34No longer shall they teach one another, or say to each other,
"Know the LORD," for they shall all know me,
from the least of them to the greatest, says the LORD;
for I will forgive their iniquity, and remember their sin no more.
The ways of God will be planted within people,
and will grow, and will be fruitful,
everyone will know this mystery planted in them.
God’s mercy and grace will make this happen in everyone,
and it will lead to mercy and grace for all.
The mystery of seed and soil is all right there.
I’m not much of a gardener
but I have learned that soil is not dirt.
Dirt is just, well, dirt, and it doesn’t supply nutrients
and life to anything.
But soil is a living, life-giving medium
for whatever is planted in it.
To be called good soil is not an insult,
it is not like calling us dirt, or dirty,
in spite of some of our tradition that wants to say
that we are more or less dirt.
But Jesus says here that we are soil, and good soil at that.
A living, life-giving medium
for whatever God plants in us to grow and produce.
The mystery of how God works in us
it is that it happens at all,
that you and I get caught up in a message of hope and love and mercy
while we live in such despair and doubt and fear.
The mystery is that we are able through faith and trust
to be part of the way God works in the world.
And our reaction and response to this grace of God
is twofold: To give thanks and praise,
and to be good stewards of what is growing in us.
We don’t have to spend much time
figuring out how this happens, or why it happens in us,
or whether we are really good soil or just dirt,
or whether we are doing enough,
or whether God may have made some mistake.
It is all part of the mystery of how God works,
and it is always a work of grace and mercy.
I looked up the word mystery in the New Testament,
the same word Jesus uses in the parable to describe
God’s working in the world.
It only occurs a few times.
One of the other uses of the word is in First Corinthians,
where St. Paul writes:
We are stewards of the mysteries of God.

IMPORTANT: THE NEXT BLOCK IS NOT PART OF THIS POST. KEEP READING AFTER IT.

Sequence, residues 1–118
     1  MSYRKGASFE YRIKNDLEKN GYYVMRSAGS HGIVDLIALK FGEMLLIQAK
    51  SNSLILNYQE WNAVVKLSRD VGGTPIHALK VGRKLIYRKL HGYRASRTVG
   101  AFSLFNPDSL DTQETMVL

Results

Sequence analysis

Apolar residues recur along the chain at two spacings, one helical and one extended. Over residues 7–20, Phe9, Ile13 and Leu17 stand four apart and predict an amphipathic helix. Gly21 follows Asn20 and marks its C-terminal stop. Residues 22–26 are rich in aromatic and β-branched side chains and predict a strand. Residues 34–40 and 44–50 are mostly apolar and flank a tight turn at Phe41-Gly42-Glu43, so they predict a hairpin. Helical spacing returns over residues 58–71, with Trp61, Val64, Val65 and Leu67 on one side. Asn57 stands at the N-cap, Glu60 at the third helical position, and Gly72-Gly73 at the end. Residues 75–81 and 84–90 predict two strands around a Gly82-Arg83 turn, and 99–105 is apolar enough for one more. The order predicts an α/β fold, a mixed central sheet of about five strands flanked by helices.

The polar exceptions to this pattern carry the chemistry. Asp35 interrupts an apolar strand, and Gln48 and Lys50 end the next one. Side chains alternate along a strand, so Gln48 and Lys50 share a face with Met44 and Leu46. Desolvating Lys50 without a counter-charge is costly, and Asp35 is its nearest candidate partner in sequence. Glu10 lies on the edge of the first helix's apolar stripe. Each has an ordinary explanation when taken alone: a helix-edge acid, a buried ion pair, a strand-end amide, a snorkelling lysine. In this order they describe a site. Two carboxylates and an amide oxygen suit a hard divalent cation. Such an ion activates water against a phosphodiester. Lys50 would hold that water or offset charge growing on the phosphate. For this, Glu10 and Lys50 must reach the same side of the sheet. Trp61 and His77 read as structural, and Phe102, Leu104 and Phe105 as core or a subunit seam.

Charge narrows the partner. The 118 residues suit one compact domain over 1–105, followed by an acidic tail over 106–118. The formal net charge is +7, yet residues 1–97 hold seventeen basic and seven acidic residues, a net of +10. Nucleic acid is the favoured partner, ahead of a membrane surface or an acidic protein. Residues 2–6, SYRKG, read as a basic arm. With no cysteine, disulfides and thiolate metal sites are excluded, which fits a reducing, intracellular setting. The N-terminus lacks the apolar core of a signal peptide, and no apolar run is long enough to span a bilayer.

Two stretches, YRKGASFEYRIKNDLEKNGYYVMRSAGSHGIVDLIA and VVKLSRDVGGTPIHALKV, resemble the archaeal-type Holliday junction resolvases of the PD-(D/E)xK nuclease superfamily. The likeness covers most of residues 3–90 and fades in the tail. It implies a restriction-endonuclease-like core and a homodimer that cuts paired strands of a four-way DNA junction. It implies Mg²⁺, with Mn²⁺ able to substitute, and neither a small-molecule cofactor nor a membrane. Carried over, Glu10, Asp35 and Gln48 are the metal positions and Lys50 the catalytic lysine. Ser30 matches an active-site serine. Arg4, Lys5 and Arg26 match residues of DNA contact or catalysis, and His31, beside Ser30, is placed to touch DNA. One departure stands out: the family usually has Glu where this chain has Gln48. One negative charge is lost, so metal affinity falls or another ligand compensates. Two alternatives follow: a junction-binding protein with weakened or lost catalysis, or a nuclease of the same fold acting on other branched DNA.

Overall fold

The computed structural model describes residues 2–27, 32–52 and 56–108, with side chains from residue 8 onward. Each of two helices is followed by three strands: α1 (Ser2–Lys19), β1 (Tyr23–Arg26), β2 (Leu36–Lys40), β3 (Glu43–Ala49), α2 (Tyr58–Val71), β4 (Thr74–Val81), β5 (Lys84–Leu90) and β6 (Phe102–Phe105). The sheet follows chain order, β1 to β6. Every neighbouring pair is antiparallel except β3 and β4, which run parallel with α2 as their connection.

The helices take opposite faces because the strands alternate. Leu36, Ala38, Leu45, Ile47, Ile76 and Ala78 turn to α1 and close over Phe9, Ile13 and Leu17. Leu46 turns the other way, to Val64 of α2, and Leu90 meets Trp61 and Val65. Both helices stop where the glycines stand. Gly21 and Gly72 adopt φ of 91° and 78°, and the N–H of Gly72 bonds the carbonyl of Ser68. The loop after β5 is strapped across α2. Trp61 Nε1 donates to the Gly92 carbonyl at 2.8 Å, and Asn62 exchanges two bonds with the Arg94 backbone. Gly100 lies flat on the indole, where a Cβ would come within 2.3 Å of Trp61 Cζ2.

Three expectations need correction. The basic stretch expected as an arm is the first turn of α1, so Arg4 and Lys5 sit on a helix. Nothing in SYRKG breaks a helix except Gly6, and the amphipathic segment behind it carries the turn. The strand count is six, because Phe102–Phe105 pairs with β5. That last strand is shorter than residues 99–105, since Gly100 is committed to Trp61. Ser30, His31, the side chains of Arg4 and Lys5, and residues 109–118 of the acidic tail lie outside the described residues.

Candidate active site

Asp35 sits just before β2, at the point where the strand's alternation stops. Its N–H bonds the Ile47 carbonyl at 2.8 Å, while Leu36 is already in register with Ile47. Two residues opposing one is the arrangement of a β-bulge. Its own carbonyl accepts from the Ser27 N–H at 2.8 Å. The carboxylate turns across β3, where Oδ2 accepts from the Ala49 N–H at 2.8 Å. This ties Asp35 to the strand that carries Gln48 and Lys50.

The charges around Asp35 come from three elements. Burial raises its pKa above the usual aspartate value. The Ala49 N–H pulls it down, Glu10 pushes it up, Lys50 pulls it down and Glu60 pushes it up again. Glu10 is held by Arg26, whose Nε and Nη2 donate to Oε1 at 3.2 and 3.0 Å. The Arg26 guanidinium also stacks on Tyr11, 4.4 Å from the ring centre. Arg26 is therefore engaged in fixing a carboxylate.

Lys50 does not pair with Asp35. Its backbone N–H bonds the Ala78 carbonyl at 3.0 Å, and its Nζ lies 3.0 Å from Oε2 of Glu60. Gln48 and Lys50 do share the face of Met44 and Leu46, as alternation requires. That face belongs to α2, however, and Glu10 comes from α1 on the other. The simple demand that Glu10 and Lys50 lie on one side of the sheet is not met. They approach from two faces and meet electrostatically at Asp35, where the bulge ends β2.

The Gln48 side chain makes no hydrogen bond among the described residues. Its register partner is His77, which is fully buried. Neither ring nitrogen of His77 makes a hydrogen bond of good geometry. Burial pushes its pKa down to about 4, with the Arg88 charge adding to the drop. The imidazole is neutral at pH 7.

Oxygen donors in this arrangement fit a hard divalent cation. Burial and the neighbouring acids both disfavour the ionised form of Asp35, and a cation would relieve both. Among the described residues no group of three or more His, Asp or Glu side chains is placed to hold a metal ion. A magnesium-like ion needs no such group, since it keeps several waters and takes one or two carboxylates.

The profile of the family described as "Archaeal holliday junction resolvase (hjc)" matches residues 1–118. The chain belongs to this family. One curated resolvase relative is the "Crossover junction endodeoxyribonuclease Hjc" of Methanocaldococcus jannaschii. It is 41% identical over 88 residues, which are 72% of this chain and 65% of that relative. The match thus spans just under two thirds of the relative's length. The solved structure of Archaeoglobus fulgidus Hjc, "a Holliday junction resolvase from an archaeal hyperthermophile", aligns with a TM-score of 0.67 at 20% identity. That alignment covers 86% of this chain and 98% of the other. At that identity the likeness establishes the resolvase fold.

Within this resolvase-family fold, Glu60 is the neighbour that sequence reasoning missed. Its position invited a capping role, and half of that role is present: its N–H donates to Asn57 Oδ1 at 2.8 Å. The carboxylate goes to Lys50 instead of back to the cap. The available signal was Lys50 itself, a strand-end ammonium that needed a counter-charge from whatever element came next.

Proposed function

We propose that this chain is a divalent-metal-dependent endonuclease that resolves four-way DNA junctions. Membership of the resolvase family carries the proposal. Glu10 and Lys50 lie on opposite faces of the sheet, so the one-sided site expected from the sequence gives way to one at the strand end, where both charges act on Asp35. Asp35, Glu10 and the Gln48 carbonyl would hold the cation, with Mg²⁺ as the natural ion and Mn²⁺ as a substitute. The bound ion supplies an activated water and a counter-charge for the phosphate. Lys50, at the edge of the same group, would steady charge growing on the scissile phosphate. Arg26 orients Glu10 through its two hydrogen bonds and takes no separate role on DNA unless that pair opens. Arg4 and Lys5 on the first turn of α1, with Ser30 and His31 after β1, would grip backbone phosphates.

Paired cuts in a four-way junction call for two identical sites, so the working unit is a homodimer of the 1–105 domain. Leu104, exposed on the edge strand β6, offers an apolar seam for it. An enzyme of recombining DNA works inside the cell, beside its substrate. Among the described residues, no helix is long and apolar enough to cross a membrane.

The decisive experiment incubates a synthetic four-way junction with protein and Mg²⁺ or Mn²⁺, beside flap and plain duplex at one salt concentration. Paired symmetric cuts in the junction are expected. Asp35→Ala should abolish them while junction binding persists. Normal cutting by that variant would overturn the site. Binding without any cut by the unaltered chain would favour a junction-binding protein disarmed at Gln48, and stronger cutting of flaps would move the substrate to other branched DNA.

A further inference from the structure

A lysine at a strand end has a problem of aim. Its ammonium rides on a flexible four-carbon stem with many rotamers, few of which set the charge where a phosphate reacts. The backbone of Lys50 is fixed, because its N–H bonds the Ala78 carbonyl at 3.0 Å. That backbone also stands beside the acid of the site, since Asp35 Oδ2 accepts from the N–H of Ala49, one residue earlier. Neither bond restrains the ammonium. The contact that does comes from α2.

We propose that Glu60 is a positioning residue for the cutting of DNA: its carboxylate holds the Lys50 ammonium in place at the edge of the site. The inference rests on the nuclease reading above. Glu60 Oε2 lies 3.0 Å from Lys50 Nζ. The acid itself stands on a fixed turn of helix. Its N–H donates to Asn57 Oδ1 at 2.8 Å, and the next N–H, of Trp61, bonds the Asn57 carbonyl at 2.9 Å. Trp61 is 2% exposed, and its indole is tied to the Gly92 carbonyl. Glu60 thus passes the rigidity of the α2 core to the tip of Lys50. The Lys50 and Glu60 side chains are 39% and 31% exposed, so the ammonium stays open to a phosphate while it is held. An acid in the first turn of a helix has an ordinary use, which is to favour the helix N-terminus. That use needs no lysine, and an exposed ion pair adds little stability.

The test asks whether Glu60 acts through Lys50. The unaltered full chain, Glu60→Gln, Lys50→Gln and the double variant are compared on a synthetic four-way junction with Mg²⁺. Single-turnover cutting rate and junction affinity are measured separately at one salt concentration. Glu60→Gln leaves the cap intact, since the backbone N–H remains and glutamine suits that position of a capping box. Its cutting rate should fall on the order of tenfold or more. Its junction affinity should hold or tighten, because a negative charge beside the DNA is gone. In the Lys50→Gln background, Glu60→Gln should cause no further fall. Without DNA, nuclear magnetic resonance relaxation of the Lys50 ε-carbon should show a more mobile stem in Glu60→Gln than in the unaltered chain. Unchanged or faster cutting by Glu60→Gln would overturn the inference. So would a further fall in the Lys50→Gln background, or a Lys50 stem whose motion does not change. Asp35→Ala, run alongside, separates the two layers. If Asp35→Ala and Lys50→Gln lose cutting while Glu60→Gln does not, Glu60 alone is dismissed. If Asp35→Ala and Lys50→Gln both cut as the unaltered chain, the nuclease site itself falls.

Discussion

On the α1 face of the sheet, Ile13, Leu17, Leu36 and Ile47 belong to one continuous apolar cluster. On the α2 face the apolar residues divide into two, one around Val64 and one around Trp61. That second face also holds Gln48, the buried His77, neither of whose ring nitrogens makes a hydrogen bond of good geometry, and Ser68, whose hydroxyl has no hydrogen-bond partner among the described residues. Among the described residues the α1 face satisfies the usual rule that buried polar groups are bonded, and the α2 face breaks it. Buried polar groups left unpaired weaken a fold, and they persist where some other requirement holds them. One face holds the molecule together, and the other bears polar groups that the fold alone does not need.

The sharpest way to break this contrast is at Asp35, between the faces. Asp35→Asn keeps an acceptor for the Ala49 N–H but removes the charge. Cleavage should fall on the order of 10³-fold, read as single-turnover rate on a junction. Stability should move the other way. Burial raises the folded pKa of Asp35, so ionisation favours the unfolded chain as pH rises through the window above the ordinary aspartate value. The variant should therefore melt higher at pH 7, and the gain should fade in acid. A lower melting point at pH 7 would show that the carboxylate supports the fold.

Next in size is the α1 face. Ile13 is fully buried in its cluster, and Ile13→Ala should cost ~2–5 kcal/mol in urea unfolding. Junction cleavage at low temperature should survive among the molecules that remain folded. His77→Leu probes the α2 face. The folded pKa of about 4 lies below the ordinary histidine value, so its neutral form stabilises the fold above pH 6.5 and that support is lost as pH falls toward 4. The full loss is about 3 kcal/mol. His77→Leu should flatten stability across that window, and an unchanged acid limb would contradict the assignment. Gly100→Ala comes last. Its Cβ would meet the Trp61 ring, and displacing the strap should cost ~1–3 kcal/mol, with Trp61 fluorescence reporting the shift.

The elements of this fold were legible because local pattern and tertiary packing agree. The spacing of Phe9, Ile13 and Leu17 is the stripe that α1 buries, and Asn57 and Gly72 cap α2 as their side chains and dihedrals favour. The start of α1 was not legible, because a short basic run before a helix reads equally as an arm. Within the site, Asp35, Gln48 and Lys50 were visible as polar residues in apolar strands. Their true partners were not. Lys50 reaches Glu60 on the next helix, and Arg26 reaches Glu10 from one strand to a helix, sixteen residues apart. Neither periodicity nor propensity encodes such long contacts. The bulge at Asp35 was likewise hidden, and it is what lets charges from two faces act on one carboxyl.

We are stewards, caretakers, responsible partners with God
in the growth of love, mercy, and generosity in the world.
Stewards are those who care for something with responsibility,
thoughtfulness, and gratitude.
So we who have been given the gift of knowing how God works,
through grace, mercy, love, abundance,
are also stewards of that mystery.
As we experience the love of God in Christ growing in our lives,
we are moved by gratitude to good stewardship,
thoughtful and generous use of this abundance
for furthering the mysterious ways of God.
Without anything we have done to create it
we are the good soil in which the seed of God’s good news in Jesus
and the fruitfulness of that grows beyond us
100 fold, when we only expect maybe 10 fold,
if we really expect anything at all.
We are not the only good soil,
and there is much fruitfulness in the rest of the church
and beyond the church.
But we are stewards
of the things growing and bringing life among us:
grace, love, mercy, generosity.
If we are thankful and celebrating the Reformation
it is because it brought so much of the good news back to life,
so much of the mystery that God works good and renewal among us
simply because of God’s endless mercy for us and the world.
These are the things Jesus the word plants in our souls
that grow without our understanding or control.
So we are stewards, good soil stewards of these things:
stewards of the Reformation,
stewards of the mysteries of God,
stewards of the abundance God provides,
stewards of our hearts and minds and bodies,
stewards of mercy,
stewards of love.
The Word has been planted in us,
the word that is Jesus and the word about God’s mercy enacted in Jesus.
This Word has taken root and is growing in us even now.
The question then is this:
what are we going to do with all this abundance from God?
Keep it to ourselves?
Or let it flow outward in acts of mercy, love, and generosity?
Yes, God has caused an abundance of love and mercy to grow in us
by God’s word in Jesus, the word that is Jesus.
And with 100 fold of love and mercy growing in you,
you cannot keep it all for yourself.